How Do We Value Freedom?
Democratizing the Enneagram
Webpage Link Facilitators
  • IEA Minnesota
  • Susan Olesek
Starts: Thu Nov 12, 2020 07:00 PM CT
 09:00 PM CT

Event description

The world is changing rapidly and for the first time in our lives, many of us are encountering what it means to be in “lockdown,” a well-known experience endured for years by thousands of our Enneagram Prison Project (EPP) students in prison.  We are also coming to terms with the ways our society has severely limited the freedom of all non-white-bodied people. 

In this presentation, EPP Ambassadors, who found personal freedom before they were released from prison, will dialogue with the Founder of Enneagram Prison Project about how we at EPP are moving forward with great intention to democratize the Enneagram, a tool we know frees us from the prisons of our own making and how we can no longer afford NOT to come to a collective answer to this arresting question: How do we value freedom?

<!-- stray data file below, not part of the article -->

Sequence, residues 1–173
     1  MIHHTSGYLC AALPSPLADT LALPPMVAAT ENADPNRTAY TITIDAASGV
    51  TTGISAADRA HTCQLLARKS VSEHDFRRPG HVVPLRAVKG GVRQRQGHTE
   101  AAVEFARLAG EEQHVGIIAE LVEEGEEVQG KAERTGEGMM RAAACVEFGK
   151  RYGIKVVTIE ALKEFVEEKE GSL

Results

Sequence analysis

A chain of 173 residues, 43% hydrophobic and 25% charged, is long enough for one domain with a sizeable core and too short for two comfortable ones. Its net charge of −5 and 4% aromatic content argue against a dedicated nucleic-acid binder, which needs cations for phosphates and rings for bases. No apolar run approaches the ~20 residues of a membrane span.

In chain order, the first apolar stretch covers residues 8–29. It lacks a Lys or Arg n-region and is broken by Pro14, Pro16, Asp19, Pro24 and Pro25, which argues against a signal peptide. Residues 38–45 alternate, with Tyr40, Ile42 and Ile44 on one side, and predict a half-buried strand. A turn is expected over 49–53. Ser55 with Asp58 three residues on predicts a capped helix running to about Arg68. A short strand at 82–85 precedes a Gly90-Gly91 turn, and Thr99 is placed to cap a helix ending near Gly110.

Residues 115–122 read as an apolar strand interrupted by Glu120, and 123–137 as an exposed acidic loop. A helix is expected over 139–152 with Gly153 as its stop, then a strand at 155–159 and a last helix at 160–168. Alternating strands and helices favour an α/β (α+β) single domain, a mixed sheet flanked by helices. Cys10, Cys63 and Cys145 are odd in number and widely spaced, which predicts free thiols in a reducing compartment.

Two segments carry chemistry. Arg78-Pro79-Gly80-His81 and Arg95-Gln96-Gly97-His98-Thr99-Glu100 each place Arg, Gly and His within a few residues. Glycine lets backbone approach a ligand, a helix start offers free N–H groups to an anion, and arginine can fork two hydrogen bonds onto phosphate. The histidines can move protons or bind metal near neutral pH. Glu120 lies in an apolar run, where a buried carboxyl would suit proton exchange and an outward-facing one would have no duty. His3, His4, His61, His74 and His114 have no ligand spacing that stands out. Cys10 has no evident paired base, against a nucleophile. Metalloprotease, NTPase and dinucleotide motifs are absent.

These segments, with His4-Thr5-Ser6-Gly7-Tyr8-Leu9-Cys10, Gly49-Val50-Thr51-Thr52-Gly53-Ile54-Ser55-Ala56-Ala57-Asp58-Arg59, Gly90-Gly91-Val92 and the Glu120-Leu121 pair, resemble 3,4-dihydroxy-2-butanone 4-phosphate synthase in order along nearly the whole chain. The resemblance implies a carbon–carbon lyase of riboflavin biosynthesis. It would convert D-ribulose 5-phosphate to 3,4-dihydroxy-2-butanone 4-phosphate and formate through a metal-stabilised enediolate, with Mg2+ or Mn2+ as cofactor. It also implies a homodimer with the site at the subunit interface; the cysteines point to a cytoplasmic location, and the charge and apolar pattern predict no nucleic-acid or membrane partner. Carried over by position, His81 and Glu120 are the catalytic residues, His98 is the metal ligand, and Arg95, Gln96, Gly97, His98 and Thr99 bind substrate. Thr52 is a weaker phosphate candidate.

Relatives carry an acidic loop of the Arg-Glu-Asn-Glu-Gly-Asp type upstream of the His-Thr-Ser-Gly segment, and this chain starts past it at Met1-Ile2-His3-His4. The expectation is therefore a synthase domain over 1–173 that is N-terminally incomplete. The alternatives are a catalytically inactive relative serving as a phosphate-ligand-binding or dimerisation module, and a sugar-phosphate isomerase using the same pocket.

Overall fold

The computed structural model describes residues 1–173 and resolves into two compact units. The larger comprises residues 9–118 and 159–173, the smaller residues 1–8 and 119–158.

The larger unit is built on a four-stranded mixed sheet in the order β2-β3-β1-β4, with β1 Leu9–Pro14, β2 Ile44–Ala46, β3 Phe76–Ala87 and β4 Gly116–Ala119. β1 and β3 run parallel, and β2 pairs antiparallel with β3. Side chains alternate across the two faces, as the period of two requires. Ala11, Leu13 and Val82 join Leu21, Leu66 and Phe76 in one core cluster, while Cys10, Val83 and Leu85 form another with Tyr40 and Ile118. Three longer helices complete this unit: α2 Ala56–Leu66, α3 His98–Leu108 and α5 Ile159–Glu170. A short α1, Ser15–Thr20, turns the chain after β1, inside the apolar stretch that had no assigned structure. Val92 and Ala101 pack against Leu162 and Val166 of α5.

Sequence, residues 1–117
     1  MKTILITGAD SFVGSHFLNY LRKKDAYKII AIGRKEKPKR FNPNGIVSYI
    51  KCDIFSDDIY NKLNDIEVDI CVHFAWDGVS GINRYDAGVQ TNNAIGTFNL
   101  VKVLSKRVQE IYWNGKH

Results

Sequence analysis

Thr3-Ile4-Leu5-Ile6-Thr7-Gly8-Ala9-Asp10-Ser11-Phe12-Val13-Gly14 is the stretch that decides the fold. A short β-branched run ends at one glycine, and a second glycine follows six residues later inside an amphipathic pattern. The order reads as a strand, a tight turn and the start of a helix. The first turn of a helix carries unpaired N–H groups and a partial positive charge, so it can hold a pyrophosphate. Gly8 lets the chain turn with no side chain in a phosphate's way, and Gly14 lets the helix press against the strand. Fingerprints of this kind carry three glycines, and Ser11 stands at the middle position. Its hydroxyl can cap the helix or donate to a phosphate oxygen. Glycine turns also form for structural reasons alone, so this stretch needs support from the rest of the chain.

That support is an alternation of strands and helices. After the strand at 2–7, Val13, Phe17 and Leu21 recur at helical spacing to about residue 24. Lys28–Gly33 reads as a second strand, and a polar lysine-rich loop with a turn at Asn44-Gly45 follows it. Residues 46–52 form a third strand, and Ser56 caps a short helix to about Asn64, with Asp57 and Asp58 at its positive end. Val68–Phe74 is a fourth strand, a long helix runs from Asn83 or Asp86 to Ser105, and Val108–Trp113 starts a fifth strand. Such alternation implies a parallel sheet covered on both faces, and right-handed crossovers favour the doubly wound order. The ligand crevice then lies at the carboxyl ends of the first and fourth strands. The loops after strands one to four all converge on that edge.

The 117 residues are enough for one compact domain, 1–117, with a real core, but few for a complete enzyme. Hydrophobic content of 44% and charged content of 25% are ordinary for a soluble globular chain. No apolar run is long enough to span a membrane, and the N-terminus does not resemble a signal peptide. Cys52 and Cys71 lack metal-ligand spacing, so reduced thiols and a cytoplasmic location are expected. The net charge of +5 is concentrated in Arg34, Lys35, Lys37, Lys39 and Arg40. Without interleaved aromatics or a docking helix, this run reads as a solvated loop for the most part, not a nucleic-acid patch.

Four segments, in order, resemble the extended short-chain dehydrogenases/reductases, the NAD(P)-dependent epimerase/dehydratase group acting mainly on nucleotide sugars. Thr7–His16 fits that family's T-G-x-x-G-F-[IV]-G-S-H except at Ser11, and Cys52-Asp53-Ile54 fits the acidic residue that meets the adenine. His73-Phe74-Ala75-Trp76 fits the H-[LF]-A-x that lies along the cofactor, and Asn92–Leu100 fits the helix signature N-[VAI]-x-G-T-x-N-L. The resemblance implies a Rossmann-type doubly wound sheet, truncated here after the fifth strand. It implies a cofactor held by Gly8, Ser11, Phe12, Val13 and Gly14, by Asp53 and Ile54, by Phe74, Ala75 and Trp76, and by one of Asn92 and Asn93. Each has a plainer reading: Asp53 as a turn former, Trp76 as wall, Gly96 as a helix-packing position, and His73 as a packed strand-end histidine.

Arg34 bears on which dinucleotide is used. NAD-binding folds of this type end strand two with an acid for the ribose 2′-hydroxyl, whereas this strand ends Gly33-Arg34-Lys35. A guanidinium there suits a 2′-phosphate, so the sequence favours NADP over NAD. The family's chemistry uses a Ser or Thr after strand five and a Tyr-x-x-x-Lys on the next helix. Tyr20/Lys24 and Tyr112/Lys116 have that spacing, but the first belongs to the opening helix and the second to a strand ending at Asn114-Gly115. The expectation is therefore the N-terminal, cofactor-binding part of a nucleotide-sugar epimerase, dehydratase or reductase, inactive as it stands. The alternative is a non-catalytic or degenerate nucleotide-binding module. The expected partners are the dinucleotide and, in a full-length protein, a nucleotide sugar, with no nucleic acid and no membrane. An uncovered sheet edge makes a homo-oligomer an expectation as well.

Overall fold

Free to MN-IEA members and people 25 years old and under!
$20 for all other guests 

A Zoom link will be sent when you register.

Meet your presenter Susan Olesek:
Born outside of Boston, Susan spent her formative years in Asia with occasional forays into places of extreme suffering like The Walled City of Hong Kong and the streets of Bombay. These experiences made deep impressions on her Enneagram Type 1, ideological heart. By the time she entered Occidental College to study sociology, Susan’s resolve to somehow make a contribution to the world was embedded in who she was becoming. This determination percolated while she raised three boys and began to study the Enneagram, a process that took her deeply into herself and a life-changing trauma suffered in her own childhood when her mother took her own life.

In 2009, Susan emerged hopeful and certified, full of ideals, and with just enough self-belief to accept the challenging invitation to teach the Enneagram to 100 inmates in a little prison outside of Houston, Texas. This decision changed the trajectory of her personal and professional life, forever. With a burgeoning career that moved her from HR to teaching this fascinating system to “any and everyone brave enough to admit to having a personality,” Susan delights in the unknown yet vast unfolding of the Enneagram Prison Project. A project with a mission that is now growing her, and the lives of anyone it seems to touch.

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